A false color Landsat subscene places this mile-deep gouge into context with the Colorado plateau. The eastern part of the Grand Canyon is well displayed in this Landsat-1 image:
Considering the variety of layered rocks representing 1 Mesozoic Formation and 14 Paleozoic formations, it is surprising that these do not appear as thin bands in the Landsat images and especially the JERS image. Here is an IKONOS image at even higher resolution and again layering - the hallmark of the Grand Canyon as the best exposed stratigraphic sequence in the world - is totally absent (but the pinkish color may be contributed by some units):
A geologic map of the Grand Canyon brings out the effects of layers of different ages, since the map uses different colors to differentiate major stratigraphic intervals:
So, why does space imagery fail to distinguish these layers (the Formations involved are discussed below)? Perhaps this photo provides an explanation:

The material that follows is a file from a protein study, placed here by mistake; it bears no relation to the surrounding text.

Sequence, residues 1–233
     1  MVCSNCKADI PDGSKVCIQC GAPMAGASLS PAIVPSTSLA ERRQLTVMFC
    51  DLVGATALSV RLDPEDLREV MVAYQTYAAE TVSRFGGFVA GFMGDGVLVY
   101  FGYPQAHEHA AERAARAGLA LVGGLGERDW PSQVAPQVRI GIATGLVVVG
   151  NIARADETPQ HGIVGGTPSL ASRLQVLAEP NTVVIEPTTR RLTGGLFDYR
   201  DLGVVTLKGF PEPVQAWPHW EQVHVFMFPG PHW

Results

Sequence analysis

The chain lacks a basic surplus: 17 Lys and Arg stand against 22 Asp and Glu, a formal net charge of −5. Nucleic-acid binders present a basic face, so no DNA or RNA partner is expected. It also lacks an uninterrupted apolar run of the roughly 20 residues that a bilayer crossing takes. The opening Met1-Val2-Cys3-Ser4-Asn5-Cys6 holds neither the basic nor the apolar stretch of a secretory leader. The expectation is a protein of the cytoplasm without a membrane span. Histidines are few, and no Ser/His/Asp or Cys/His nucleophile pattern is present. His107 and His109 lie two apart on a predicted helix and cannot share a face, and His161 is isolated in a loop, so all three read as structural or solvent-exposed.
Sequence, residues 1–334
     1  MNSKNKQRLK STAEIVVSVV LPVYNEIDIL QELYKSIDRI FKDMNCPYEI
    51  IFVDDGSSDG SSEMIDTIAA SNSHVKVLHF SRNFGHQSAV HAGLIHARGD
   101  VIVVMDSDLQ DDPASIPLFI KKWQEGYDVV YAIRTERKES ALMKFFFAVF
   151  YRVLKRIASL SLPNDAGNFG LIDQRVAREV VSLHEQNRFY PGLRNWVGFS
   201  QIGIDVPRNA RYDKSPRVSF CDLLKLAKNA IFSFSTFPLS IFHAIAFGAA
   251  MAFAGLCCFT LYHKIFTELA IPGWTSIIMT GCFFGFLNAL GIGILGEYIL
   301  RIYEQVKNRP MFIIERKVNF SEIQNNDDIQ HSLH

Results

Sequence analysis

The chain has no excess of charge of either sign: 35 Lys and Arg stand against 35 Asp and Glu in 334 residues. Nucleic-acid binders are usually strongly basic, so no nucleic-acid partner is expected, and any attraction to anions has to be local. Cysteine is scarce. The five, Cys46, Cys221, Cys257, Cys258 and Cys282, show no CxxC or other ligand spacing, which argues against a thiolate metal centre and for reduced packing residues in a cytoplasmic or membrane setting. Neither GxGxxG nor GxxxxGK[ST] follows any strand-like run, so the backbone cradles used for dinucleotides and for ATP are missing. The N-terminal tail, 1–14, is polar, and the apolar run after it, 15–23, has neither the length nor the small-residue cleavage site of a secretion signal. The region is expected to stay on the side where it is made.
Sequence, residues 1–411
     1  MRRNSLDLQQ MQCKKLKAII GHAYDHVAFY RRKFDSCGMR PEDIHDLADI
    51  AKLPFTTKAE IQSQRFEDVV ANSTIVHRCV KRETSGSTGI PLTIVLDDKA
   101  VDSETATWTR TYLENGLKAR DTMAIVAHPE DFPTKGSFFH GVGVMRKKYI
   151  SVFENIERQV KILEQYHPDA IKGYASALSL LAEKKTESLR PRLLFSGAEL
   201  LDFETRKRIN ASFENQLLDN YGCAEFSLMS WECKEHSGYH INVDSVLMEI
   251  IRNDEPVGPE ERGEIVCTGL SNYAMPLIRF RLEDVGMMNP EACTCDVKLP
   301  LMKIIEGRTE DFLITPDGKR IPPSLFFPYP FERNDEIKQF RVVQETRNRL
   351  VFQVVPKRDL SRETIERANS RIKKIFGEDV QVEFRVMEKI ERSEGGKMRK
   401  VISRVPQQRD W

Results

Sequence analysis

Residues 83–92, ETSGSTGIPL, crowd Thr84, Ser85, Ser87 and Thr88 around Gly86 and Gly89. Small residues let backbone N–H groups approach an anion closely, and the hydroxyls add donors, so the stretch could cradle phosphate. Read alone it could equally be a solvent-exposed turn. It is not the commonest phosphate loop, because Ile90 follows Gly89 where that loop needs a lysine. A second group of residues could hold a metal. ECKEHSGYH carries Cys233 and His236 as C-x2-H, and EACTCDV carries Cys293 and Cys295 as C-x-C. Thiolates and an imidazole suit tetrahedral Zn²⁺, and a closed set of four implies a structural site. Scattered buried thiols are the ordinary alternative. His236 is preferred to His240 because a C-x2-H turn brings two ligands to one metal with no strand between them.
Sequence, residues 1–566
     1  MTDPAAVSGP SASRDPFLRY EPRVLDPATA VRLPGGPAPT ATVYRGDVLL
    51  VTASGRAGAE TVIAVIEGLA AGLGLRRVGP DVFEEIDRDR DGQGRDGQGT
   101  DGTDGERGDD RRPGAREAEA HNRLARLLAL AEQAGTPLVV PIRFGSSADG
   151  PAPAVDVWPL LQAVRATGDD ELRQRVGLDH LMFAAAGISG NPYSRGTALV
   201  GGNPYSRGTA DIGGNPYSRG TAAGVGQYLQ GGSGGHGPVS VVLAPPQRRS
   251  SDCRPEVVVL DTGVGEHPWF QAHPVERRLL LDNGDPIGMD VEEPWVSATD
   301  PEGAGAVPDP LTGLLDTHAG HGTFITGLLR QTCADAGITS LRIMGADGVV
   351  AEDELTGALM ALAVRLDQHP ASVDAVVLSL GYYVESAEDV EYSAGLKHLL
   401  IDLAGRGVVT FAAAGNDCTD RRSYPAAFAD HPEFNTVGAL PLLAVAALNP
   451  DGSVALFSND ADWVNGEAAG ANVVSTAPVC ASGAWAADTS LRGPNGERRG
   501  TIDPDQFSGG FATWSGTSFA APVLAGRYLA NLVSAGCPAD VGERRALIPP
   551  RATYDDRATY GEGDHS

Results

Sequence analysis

One is struck immediately by the almost uniform reds that seem to color the rocks from the Kaibab Plateau to the gorge through which the Colorado River flows. Yet, in hand specimens, the various units have a range of colors. What seems to have happened is that over the eons, the exposed cliffs and benched slopes have acquired iron staining that imposes uniformity of surface coloration. Often though, standing on the rim, at least some of the various formations can be distinguished by eyeballing the colors. But, the surfaces of these formations do have less color variation than, say, the Waterpocket Fold we examined in Section 2.The bottom of the Grand Canyon is a common destination for the intrepid, who either walk down and up some 5000 ft vertically along a trail carved into the canyonwalls or make the trip on the back of a sure-footed burro. The floor of the canyon is generally narrow but, while very hot in summer, has been inhabited by Indian tribes for centuries before its discovery by explorers and its first passage by boat by Wesley Powell, the geologist-explorer in the 1880s. This next image is a high resolution image made by the IKONOS satellite of the darker Precambrian schists and gneisses that rise above the floor of the Grand Canyon.